San Mateo County Logo
Share to Facebook Share to Twitter Bookmark and Share
File #: 20-588    Version: 1 Name:
Type: Ordinance Status: Passed
File created: 6/30/2020 Departments: BOARD OF SUPERVISORS DISTRICT 2
On agenda: 8/4/2020 Final action: 8/4/2020
Title: Adopt an ordinance amending Sections 3.68.090, 3.69.070, 5.44.050 and 6.04.040 of the San Mateo County Ordinance Code to remove references to the term "Handicapped Persons" in favor of the term "Persons with Disabilities," previously introduced on July 21, 2020, and waive of the reading of the ordinance in its entirety.
Sponsors: Carole Groom
Attachments: 1. 20200804_o_Ordinance re People First Language (Clean).pdf
Special Notice / Hearing: None__
Vote Required: Majority

To: Honorable Board of Supervisors
From: Supervisor Carole Groom, District 2
Subject: Ordinance Amending Sections 3.68.090, 3.69.070, 5.44.050 and 6.04.040 of the San Mateo County Ordinance Code to Remove References to the Term "Handicapped Persons" In Favor of The Term "Persons with Disabilities"

RECOMMENDATION:
title
Adopt an ordinance amending Sections 3.68.090, 3.69.070, 5.44.050 and 6.04.040 of the San Mateo County Ordinance Code to remove references to the term "Handicapped Persons" in favor of the term "Persons with Disabilities," previously introduced on July 21, 2020, and waive of the reading of the ordinance in its entirety.

body
BACKGROUND:
The Centers for Disease Control and Prevention (CDC) has reported that approximately sixty-one million adults in the United States (i.e., 26% of the adult population), report having a disability. In San Mateo County, this is approximately 143,000 residents. Most Americans will experience a disability some time during the course of their lives.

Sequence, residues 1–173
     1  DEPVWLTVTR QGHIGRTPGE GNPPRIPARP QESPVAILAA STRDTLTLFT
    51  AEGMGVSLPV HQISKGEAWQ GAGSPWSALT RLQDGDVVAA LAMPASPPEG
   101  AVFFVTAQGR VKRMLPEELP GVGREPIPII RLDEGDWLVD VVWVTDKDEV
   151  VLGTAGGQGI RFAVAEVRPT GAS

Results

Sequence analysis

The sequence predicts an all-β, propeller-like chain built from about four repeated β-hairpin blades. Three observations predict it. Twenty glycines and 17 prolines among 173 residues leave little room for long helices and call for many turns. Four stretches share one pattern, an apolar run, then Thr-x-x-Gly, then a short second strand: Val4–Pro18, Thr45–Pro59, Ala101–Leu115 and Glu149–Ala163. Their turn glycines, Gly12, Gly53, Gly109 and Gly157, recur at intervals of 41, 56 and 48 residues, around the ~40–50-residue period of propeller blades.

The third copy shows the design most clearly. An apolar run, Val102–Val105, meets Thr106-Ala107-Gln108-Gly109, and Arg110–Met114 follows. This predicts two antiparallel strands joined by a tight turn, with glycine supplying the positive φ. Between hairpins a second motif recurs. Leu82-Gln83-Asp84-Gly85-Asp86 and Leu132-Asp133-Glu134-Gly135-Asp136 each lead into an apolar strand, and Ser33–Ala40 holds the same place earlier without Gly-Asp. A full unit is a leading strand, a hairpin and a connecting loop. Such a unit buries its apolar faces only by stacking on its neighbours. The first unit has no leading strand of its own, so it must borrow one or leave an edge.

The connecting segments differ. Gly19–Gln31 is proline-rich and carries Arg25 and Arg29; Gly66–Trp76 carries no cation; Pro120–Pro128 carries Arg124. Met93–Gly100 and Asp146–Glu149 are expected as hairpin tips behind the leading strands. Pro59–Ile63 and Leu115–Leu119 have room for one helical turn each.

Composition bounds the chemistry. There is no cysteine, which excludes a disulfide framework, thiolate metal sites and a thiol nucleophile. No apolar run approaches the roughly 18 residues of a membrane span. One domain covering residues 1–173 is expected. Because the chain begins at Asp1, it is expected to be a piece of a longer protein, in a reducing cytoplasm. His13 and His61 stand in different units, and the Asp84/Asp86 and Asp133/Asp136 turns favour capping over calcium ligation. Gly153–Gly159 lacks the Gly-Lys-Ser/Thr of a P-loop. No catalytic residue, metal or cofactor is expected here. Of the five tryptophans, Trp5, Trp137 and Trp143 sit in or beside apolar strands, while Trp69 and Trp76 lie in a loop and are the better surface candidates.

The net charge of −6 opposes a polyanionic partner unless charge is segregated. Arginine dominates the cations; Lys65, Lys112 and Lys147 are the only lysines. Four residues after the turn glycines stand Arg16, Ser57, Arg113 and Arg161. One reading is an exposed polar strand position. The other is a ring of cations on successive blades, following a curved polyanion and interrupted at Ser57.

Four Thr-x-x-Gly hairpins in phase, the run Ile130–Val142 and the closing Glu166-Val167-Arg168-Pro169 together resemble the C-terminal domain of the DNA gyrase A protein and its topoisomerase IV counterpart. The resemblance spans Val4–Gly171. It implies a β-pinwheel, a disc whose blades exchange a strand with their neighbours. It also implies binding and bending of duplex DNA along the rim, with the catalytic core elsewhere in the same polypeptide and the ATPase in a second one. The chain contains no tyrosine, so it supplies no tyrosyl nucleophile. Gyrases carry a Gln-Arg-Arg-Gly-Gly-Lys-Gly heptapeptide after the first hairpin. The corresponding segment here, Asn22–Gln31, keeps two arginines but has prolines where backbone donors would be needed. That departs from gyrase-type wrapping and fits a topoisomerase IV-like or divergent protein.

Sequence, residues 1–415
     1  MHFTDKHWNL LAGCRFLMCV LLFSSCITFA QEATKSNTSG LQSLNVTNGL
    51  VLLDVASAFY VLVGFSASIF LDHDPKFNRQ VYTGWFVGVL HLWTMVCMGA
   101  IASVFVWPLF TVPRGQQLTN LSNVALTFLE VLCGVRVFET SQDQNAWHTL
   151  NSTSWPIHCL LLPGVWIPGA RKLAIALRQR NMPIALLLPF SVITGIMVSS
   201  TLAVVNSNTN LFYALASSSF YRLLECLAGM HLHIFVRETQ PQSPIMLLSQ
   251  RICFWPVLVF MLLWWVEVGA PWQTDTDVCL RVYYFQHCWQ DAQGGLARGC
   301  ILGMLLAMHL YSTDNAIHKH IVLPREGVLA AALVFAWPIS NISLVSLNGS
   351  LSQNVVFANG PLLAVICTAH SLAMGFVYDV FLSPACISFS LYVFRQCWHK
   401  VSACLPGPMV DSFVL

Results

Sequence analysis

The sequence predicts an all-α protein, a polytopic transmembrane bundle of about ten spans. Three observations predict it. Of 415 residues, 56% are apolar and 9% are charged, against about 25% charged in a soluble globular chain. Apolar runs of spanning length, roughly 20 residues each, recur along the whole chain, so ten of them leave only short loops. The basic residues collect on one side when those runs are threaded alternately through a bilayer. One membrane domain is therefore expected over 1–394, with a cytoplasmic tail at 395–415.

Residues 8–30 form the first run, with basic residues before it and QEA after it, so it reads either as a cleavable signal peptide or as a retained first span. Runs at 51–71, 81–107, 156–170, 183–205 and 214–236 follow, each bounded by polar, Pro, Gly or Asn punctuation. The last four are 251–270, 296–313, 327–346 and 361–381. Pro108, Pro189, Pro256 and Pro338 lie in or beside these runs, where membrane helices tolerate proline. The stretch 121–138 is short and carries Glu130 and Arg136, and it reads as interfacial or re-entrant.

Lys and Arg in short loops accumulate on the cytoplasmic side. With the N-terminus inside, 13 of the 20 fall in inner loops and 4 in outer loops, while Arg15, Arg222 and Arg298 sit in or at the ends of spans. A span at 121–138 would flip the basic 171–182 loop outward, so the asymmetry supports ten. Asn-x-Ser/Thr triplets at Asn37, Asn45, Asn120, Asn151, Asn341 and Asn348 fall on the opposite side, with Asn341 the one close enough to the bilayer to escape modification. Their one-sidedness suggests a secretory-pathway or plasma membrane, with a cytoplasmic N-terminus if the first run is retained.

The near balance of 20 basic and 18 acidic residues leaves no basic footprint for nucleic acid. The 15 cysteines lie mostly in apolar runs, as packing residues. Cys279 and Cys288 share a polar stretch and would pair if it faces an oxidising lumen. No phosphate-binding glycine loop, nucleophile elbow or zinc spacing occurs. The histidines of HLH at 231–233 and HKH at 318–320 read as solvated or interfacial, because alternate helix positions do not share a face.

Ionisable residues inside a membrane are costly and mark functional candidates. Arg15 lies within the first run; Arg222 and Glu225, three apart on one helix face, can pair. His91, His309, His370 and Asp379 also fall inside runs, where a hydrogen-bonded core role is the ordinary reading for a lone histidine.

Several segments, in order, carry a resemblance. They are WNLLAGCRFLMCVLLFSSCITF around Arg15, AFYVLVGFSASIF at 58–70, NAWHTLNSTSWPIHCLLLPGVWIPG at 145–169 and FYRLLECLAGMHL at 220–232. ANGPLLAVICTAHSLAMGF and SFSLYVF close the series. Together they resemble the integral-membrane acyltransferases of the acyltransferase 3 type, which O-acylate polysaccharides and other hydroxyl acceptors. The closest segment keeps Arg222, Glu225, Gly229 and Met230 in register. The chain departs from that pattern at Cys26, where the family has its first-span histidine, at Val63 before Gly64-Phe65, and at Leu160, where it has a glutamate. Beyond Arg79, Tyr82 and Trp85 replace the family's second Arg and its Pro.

According to the CDC, "people first" language should be used to speak appropriately and respectfully about an individual with a disability. People first language emphasizes the person first not the disability, and conveys the understanding that people are more than their disabilities. For example, when referring to a person with a disability, refer to the person first by using phrases such as: "a person who...," "a person with...," or a person who has.." Language to avoid includes such terms as "the disabled," "handicapped," or "special needs person." The CDC recommends avoiding language that implies that people with disabilities have limitations, deserve pity or are characterized only by their disabilities.

DISCUSSION:
This ordinance amends several sections of the San Mateo County Ordinance Code to change the terms used from "handicapped persons" to "persons with a disability" in acc...

Click here for full text